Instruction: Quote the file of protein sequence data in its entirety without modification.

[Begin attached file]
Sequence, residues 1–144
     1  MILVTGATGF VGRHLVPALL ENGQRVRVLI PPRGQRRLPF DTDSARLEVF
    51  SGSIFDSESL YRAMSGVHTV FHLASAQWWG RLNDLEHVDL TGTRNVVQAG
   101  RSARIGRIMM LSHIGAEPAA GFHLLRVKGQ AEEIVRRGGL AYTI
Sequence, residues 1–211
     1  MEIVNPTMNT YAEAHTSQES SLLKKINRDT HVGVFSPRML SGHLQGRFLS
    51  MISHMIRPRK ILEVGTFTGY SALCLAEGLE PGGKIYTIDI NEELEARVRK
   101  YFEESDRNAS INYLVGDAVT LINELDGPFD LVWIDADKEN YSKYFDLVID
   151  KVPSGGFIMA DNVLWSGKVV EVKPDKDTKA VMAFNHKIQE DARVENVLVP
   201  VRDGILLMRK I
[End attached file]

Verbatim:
Sequence, residues 1–144
     1  MILVTGATGF VGRHLVPALL ENGQRVRVLI PPRGQRRLPF DTDSARLEVF
    51  SGSIFDSESL YRAMSGVHTV FHLASAQWWG RLNDLEHVDL TGTRNVVQAG
   101  RSARIGRIMM LSHIGAEPAA GFHLLRVKGQ AEEIVRRGGL AYTI
Sequence, residues 1–211
     1  MEIVNPTMNT YAEAHTSQES SLLKKINRDT HVGVFSPRML SGHLQGRFLS
    51  MISHMIRPRK ILEVGTFTGY SALCLAEGLE PGGKIYTIDI NEELEARVRK
   101  YFEESDRNAS INYLVGDAVT LINELDGPFD LVWIDADKEN YSKYFDLVID
   151  KVPSGGFIMA DNVLWSGKVV EVKPDKDTKA VMAFNHKIQE DARVENVLVP
   201  VRDGILLMRK I